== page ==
- Department of Neurosurgery, Sheri-Kashmir-Institute of Medical Sciences, Kashmir, India
- Department of Microbiology, Sheri-Kashmir-Institute of Medical Sciences, Kashmir, India
Department of Neurosurgery, Sheri-Kashmir-Institute of Medical Sciences, Kashmir, India
DOI:10.4103/sni.sni_105_17Copyright: © 2017 Surgical Neurology International This is an open access article distributed under the terms of the Creative Commons Attribution-NonCommercial-ShareAlike 3.0 License, which allows others to remix, tweak, and build upon the work non-commercially, as long as the author is credited and the new creations are licensed under the identical terms.
How to cite this article: Nayil Khursheed, Sultan Dar, Altaf Ramzan, Bashir Fomda, Nisar Humam, Wani Abrar, Sarbjit Singh, Arif Sajad, Masood Mahek, Shoaib Yawar. Spinal epidural abscess: Report on 27 cases. 26-Sep-2017;8:240
How to cite this URL: Nayil Khursheed, Sultan Dar, Altaf Ramzan, Bashir Fomda, Nisar Humam, Wani Abrar, Sarbjit Singh, Arif Sajad, Masood Mahek, Shoaib Yawar. Spinal epidural abscess: Report on 27 cases. 26-Sep-2017;8:240. Available from: http://surgicalneurologyint.com/surgicalint-articles/spinal-epidural-abscess-report-on-27-cases/
Background:Spinal epidural abscess, although an uncommon disease, often correlates with a high morbidity owing to significant delay in diagnosis.
Methods:In a prospective 5-year study, the clinical and magnetic resonance (MR) findings, treatment protocols, microbiology, and neurological outcomes were analyzed for 27 patients with spinal epidural abscess.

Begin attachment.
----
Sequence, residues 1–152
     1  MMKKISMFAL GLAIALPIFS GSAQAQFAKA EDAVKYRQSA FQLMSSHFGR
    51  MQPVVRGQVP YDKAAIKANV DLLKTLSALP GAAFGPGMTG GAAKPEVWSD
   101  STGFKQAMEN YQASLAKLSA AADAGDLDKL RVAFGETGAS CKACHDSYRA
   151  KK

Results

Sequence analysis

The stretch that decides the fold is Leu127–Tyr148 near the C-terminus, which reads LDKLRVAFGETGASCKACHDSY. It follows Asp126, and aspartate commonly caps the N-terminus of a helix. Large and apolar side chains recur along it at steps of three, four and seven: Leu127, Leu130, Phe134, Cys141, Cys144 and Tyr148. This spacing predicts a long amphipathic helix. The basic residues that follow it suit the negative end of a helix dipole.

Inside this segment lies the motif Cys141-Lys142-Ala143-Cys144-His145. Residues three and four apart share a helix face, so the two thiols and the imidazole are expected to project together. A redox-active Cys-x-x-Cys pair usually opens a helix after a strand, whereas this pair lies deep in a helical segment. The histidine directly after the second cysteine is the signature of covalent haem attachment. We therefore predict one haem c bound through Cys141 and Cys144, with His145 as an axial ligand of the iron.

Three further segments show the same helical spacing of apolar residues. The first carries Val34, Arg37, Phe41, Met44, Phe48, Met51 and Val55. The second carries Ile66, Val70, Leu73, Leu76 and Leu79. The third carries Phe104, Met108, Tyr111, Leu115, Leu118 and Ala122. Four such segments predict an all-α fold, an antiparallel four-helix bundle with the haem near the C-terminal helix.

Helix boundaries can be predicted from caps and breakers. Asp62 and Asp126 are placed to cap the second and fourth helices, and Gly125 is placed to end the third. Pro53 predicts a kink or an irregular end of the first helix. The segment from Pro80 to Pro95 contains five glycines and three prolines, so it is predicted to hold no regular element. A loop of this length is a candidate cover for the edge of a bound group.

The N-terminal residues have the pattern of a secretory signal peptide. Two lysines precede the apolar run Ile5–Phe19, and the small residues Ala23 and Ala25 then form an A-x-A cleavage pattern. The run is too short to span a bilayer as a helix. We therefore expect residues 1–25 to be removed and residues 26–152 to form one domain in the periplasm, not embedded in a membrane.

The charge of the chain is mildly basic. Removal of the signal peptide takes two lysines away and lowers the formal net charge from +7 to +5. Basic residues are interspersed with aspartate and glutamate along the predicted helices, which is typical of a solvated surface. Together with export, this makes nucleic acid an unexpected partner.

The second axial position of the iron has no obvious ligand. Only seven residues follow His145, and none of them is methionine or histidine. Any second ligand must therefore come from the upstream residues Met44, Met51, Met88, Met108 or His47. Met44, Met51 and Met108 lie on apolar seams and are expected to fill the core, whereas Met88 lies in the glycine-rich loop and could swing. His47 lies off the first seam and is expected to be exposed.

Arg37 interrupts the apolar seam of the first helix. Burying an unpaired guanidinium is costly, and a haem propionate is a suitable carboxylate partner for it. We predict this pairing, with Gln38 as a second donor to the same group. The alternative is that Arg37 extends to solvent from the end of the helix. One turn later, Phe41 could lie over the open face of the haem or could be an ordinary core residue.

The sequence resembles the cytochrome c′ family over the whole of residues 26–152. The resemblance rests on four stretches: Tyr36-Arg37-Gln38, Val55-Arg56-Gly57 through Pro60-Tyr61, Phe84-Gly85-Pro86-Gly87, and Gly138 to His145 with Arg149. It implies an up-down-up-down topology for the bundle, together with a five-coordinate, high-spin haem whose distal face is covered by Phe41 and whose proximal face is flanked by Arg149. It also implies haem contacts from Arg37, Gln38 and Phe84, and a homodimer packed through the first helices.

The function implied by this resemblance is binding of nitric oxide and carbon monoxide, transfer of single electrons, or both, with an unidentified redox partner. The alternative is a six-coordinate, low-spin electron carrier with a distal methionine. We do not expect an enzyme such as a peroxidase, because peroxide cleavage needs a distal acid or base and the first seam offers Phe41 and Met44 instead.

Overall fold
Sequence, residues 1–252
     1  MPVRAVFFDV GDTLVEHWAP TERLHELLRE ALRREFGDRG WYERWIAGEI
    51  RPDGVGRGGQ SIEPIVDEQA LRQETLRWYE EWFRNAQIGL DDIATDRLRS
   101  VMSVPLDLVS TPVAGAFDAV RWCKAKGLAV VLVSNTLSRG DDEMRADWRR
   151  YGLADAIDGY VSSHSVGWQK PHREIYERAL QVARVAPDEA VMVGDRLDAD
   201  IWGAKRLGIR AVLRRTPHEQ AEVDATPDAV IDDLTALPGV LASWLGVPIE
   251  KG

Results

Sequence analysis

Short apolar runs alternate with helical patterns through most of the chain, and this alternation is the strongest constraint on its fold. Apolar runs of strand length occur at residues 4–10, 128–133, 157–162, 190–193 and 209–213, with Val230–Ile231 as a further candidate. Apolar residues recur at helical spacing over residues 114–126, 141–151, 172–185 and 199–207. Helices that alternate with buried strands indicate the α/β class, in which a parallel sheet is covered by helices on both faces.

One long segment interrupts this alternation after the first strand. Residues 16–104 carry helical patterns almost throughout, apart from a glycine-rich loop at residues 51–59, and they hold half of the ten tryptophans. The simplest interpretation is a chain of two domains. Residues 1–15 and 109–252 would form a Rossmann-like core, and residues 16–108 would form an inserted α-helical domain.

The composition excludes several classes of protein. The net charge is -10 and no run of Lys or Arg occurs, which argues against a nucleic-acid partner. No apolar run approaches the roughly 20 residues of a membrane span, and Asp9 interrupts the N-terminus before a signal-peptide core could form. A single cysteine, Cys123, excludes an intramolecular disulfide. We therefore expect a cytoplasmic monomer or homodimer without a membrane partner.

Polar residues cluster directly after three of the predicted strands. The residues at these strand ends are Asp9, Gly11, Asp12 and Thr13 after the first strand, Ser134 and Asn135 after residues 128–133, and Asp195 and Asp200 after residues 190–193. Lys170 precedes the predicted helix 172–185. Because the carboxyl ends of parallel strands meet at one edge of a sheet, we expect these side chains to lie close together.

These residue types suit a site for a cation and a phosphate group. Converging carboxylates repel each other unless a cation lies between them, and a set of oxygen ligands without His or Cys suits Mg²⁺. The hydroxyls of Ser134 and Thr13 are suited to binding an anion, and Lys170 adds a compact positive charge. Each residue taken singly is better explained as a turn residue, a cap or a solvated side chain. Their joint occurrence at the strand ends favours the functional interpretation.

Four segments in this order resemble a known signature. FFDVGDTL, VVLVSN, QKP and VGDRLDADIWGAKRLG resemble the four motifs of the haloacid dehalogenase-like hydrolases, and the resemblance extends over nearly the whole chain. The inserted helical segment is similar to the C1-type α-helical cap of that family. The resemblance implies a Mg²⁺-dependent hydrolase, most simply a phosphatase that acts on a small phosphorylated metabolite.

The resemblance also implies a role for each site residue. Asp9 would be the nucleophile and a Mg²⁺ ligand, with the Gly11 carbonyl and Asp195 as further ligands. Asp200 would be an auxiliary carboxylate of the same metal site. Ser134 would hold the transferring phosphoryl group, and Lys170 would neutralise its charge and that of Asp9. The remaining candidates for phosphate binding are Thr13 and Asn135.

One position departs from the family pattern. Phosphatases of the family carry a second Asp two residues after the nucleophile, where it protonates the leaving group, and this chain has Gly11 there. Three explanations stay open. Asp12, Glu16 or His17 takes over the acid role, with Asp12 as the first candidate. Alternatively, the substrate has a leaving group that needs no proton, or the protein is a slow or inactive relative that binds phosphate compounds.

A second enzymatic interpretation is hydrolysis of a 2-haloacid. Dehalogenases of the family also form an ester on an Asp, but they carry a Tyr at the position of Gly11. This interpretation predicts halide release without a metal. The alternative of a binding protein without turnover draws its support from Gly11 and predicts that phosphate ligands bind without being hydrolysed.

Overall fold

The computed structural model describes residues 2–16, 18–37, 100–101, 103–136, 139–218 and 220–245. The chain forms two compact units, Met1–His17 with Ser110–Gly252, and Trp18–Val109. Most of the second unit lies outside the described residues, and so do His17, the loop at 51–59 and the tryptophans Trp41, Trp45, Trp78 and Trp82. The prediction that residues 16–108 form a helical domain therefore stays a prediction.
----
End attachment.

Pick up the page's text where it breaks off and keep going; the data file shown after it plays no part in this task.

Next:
Results:Patients were typically middle-aged with underlying diabetes and presented with lumbar abscesses. Those undergoing surgical intervention >36 h after the onset of symptoms had poor neurological outcomes.
Conclusion:Early recognition and timely evacuation of spinal abscesses minimized neurological morbidity and potential mortality.
Keywords: Clinical profile, epidural abscess, outcome, spinal epidural abscess
Spinal epidural abscess (SEA) is correlated with a significant neurological morbidity attributed to direct compression and/or vascular compromise. Multiple risk factors contribute to the risk of SEA. Most SEAs are found in the thoracolumbar spine where the epidural space is large and contains more infection-prone adipose tissue.[
MATERIALS AND METHODS
Patient population: Demography
Over a 5-year period, 27 patients were diagnosed with SEA on magnetic resonance imaging (MRI). Evaluations included a detailed neurological examination, blood/other cultures, and a spinal MR. There were 14 patients <50 years of age and 13 patients >50 years. The mean age was 54 years (range 8–72 years). Back pain and fever were the most common symptoms [
Location of abscess
The most common location of the abscess was in the lumbar spine 37% (10/27), followed by the dorsal spine 25.9% (7/27) [Figures
Leukocytosis was found in 77.77% of our patients. We considered C-reactive protein (CRP) of >5 mg/dl as abnormal. At the beginning of the treatment, CRP levels were raised in 92.5% (25/27) of the patients.
All patients received antibiotic treatment for 6 weeks depending on culture results from the pus recovered from the spinal epidural space. In case culture was negative, patients were administered empirical antibiotic treatment.
Definition of improvement
Shift in McCormick grade from poor grade (IV, V) to good grade (I–III) or increase in the McCormick grade by at least 1 grade within the good grade group and/or improvement in bladder function was considered as improvement [
All variables found to be statistically significant on univariate analysis on Fisher exact test and Students t-test were subjected to multivariate analysis using the stepwise multiple logistic regression model using the forward likelihood ratio method.